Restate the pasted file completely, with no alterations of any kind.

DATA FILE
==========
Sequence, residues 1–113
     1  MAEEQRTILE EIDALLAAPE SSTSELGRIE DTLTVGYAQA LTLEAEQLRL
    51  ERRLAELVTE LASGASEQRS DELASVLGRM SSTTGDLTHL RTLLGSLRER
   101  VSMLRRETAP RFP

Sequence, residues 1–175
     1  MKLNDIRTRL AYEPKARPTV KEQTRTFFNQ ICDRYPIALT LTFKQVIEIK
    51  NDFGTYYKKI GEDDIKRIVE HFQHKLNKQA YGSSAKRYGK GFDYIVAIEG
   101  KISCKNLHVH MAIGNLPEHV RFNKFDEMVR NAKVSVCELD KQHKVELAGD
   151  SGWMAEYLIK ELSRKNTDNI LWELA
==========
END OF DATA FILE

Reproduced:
Sequence, residues 1–113
     1  MAEEQRTILE EIDALLAAPE SSTSELGRIE DTLTVGYAQA LTLEAEQLRL
    51  ERRLAELVTE LASGASEQRS DELASVLGRM SSTTGDLTHL RTLLGSLRER
   101  VSMLRRETAP RFP

Sequence, residues 1–175
     1  MKLNDIRTRL AYEPKARPTV KEQTRTFFNQ ICDRYPIALT LTFKQVIEIK
    51  NDFGTYYKKI GEDDIKRIVE HFQHKLNKQA YGSSAKRYGK GFDYIVAIEG
   101  KISCKNLHVH MAIGNLPEHV RFNKFDEMVR NAKVSVCELD KQHKVELAGD
   151  SGWMAEYLIK ELSRKNTDNI LWELA